Jump to main content
Jump to site search


A two-pocket Schiff-base molecule as a chemosensor for Al3+

Author affiliations

Abstract

4,4′-Sulfonylbis(2-(-2-hydroxybenzylideneamino)phenol) (H4L) was synthesized by the reaction between bis-(3-amino-4-hydroxy phenyl)sulphone and salicylaldehyde (1 : 2 ratio) and has been characterized by standard methods. H4L shows a weak emission peak at 485 nm in 10 mM HEPES buffer in water : DMSO (1 : 9, v/v) (pH = 6.7) at room temperature. There is a significant enhancement in the emission intensity at 485 nm only in the presence of Al3+. Other relevant metal ions could not considerably alter its emission spectrum, indicating that H4L is a selective fluorescent probe for Al3+. H4L forms a complex with Al3+ in a 1 : 2 ratio, as is evident from Job's analysis and mass spectral data. There is a significant increase in the quantum yield and lifetime of the probe upon complex formation with aluminum. The limit of detection has been determined and shows moderate sensitivity towards the metal ion. A pH dependent study indicated that the emission intensity of H4L increases sharply when the pH of the medium is more than 7. The emission intensity of H4L in the presence of one equivalent of Al3+ starts increasing when the pH is ∼5.0. Thus, all the spectral studies were performed at pH 6.7. Some theoretical calculations were performed to investigate the spectral transitions. H4L was used for the identification of Al3+ using sea water.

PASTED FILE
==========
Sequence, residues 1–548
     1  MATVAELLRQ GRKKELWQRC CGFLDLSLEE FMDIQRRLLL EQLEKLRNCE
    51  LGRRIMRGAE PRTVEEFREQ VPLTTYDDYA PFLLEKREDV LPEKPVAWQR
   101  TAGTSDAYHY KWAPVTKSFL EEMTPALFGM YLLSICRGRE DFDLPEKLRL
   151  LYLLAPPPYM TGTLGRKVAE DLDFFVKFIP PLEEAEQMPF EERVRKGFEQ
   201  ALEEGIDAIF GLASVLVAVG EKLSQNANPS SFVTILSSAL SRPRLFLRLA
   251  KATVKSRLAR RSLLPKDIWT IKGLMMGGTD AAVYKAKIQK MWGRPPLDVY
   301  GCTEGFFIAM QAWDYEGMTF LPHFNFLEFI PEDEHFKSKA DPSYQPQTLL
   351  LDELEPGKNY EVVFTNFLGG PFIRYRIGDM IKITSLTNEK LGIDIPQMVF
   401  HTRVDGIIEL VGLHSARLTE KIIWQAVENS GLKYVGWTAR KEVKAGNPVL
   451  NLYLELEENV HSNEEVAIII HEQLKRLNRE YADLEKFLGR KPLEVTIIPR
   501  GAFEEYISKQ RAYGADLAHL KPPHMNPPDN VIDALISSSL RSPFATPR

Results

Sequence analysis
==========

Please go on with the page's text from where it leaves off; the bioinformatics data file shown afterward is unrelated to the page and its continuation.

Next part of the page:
Graphical abstract: A two-pocket Schiff-base molecule as a chemosensor for Al3+

Back to tab navigation

Supplementary files

Publication details

The article was received on 09 Jun 2017, accepted on 17 Aug 2017 and first published on 17 Aug 2017


Article type: Paper
DOI: 10.1039/C7NJ02067H
Citation: New J. Chem., 2017, Advance Article
  •   Request permissions

    A two-pocket Schiff-base molecule as a chemosensor for Al3+

    D. Maity, S. Dey and P. Roy, New J. Chem., 2017, Advance Article , DOI: 10.1039/C7NJ02067H

Search articles by author

Spotlight

Advertisements